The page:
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Skunk

Danger

Skunks generally pose little danger as they are non-aggressive and highly beneficial animals. Skunks, however, can carry a variety of diseases including histeriosis, distemper & rabies.

Skunks become a nuisance when they spray pets or property, burrow under porches, decks or garages, and/or damage lawns and golf courses while foraging for insects, grubs, seeds etc. Skunks have been known to occasionally prey on poultry and their eggs.

Did you know?

Known for their ability to spray a liquid with a strong unpleasant smell, skunks are recognizable by the prominent, lateral white stripes that run down their back and tail.

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The striped skunk has a thick black coat with very distinct white stripping down its back. The stripe starts at its head and breaks into 2 stripes down its back. The hair on the skunk's tail is longer and a mix of black & white hairs.

Skunks have a stout body with a small, triangular shaped head. Skunks have short, stocky legs with long, straight claws used for digging.

Skunks move slowly & deliberately and rely on their scent defense vs their speed to escape predators.

Skunks will den in clearings, pastures, at the edges of streams or in thickets. Skunks will also den in hollow logs & tree limbs. Skunks will often take over abandoned dens of groundhogs, foxes and other small animals. In urban areas skunks like to den under porches, decks, sheds, garages etc.

A skunk will normally only travel 2-5 km from its den. A male skunk may travel as much as 8 km a day during the breeding season.

The striped skunk can be found throughout most of North America.

Skunks will have 1 litter per year with 2-16 young (usually only 4-6 young). Breeding typically occurs in late February or March with young born in May or June.

Kits are weaned at 6-7 weeks but stay with the female until the fall. While adult skunks are most active at dawn & dusk, kits will often roam their territory in the mid-afternoon.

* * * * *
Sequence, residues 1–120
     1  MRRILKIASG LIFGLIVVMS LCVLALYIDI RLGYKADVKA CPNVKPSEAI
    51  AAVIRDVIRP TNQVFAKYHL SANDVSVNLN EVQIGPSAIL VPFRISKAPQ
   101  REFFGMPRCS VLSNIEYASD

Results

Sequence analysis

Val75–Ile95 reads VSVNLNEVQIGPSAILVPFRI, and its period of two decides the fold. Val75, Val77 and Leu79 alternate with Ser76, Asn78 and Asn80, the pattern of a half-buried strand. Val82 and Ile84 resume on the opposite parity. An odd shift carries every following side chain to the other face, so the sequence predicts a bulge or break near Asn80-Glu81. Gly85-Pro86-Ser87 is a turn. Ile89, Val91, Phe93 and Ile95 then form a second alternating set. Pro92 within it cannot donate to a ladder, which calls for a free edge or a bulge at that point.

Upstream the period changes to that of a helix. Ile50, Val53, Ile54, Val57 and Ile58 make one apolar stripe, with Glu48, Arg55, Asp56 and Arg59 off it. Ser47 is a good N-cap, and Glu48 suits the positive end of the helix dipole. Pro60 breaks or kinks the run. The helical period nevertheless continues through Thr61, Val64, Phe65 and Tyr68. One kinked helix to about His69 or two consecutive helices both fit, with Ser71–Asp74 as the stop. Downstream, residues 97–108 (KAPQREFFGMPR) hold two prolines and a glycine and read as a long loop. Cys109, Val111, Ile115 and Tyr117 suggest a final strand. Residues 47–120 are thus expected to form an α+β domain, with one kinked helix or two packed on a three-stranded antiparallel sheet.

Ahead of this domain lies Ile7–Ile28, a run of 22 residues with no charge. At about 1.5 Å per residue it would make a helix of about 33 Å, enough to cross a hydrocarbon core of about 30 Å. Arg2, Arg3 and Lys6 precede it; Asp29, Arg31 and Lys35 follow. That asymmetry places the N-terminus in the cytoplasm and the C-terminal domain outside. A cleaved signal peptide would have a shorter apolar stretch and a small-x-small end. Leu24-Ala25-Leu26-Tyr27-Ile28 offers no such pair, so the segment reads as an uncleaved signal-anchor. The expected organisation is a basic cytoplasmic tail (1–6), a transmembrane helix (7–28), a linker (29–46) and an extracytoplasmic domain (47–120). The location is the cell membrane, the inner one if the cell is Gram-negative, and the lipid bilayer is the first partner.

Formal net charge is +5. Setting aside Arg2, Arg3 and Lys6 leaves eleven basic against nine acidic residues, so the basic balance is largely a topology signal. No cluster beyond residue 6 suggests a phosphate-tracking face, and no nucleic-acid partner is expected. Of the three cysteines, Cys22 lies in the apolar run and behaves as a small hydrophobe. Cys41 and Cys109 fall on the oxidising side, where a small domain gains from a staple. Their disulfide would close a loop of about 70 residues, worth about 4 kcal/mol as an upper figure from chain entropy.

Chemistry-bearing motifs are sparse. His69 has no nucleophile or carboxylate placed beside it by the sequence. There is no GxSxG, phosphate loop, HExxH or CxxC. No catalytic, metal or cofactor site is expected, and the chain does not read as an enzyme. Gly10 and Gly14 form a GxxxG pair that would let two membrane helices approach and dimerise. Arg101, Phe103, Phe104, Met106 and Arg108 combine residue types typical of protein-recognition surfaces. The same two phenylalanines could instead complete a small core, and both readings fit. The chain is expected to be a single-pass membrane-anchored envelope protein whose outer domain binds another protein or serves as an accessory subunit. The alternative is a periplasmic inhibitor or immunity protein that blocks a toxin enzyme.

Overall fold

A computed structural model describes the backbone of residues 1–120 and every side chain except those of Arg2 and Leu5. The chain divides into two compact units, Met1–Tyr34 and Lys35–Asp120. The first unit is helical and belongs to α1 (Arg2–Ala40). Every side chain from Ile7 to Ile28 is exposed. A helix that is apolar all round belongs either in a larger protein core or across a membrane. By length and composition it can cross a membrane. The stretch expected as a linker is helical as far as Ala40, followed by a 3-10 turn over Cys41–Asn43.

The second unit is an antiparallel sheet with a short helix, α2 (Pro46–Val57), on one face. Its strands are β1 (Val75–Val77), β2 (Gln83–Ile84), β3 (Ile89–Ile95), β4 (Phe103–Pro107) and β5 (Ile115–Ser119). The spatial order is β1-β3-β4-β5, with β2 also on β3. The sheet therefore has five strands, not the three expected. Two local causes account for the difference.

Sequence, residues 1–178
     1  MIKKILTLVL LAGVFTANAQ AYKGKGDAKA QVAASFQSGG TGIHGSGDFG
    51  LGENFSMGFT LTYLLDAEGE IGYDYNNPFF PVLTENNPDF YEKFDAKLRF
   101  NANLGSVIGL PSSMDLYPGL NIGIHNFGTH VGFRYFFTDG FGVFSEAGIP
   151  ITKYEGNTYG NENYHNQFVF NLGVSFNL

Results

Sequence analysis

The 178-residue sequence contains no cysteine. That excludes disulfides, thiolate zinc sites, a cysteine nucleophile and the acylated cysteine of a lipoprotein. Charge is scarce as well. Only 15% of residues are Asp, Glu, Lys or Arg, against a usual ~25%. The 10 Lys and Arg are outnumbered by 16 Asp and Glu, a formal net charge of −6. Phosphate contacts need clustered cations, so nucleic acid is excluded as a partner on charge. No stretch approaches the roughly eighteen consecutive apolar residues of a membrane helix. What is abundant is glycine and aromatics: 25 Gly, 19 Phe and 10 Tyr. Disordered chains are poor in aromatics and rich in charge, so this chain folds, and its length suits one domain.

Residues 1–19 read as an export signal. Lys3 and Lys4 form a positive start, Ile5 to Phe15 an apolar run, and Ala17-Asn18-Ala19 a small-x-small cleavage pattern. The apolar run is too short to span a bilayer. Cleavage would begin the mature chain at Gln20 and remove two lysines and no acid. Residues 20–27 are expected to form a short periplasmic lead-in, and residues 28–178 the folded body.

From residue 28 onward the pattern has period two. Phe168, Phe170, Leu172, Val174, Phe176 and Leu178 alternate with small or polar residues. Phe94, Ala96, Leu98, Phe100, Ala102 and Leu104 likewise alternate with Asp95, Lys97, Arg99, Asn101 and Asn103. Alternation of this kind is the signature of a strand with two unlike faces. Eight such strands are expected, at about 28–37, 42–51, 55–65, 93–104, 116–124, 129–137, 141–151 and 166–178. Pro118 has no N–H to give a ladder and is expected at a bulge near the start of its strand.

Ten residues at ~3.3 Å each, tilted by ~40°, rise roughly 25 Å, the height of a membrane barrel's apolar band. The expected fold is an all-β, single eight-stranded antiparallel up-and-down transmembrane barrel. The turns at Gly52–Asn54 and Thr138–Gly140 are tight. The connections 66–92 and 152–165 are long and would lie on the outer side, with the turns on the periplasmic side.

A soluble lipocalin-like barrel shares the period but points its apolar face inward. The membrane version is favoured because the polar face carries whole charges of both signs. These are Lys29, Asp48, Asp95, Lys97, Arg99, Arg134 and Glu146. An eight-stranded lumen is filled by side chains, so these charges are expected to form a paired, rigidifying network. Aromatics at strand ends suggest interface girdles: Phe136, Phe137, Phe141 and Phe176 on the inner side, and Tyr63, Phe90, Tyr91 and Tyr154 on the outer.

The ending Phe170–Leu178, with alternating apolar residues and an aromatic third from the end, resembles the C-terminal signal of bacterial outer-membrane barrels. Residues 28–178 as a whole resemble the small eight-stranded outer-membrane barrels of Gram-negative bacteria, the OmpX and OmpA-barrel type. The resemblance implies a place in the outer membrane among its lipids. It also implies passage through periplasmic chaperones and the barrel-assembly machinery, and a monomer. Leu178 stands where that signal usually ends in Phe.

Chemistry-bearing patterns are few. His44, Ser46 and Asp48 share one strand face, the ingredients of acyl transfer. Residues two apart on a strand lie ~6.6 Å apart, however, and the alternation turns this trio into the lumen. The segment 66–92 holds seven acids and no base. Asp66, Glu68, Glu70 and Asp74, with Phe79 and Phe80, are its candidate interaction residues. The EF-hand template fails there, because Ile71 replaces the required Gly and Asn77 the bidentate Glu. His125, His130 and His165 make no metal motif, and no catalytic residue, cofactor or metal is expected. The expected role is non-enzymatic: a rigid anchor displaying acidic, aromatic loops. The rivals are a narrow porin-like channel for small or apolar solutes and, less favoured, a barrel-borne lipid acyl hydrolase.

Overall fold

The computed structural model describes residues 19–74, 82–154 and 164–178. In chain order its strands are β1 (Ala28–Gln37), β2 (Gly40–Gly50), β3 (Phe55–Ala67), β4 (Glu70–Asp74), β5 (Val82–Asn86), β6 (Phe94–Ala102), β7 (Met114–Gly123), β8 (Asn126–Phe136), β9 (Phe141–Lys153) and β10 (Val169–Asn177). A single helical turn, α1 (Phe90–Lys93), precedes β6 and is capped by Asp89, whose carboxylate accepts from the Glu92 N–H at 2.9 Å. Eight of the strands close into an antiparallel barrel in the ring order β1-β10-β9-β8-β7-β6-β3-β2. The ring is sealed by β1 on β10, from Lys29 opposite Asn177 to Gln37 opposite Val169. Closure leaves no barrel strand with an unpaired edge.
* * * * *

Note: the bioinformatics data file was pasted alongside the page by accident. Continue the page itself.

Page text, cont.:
Skunks do not hibernate; they become inactive for about a month during the coldest part of the winter.

Skunks can live for up to 10 years, however, they normally don't live much longer than three years in the wild.

If I see a skunk during the day, does that mean it has rabies?

Not necessarily. Young kits often leave the den mid-afternoon to explore & play in their territories. Sometimes adult skunks may be disturbed from their dens or may be up to take advantage of a food source. Skunks are also more likely to be seen foraging during the day if there is high competition from other nocturnal animals.

If you do see a skunk active during the day, acting aggressive or exhibiting abnormal behaviour please contact your local public health office.

What kind of damage will skunks do?

Skunks in urban environments burrow beneath porches or buildings, usually through existing openings, to find shelter. They will also dig holes in lawns, golf courses and gardens in search for grubs.

Skunks will disturb garbage cans and snack on their contents, and feed on garden vegetables, particularly the lower ears of corn. Skunks have been known to enter poultry houses, destroy and feed on eggs, and occasionally kill chickens.

More than anything, though, skunks are known to create a very obnoxious odor when they discharge, or spray, a particularly nauseating musk from their anal glands.

When will skunks spray?

Skunks will spray when they are alarmed or distressed. This usually occurs during conflicts with other animals, such as your pet dog or cat. They are capable of several discharges.

If I smell a skunk, does that mean a skunk is nearby?

No. Odor is not a reliable indicator of their presence. Their musk is released when they are hit by cars and the smell can carry for several kilometers.

Also, a dog or cat which has been sprayed may be mistakenly identified, through smell, as a skunk.

How can I prevent skunks from establishing themselves on my property?

Skunks can be deterred from digging beneath structures by filling in all foundation openings with wire screening, concrete or sheet metal.

They can be kept off of your property by burying fencing between 0.4 and 0.6 m (16 and 24 in.) in the soil in order to prevent access by digging.

Sanitation is very important. Keeping your property free from lumber, garbage and other debris will discourage their presence. Garbage cans and composters should be equipped with right-fitting lids and should be secured against capsizing.

If a skunk enters a building on your property, keep all entrances closed except one main door and the skunk will normally leave on its own.

 
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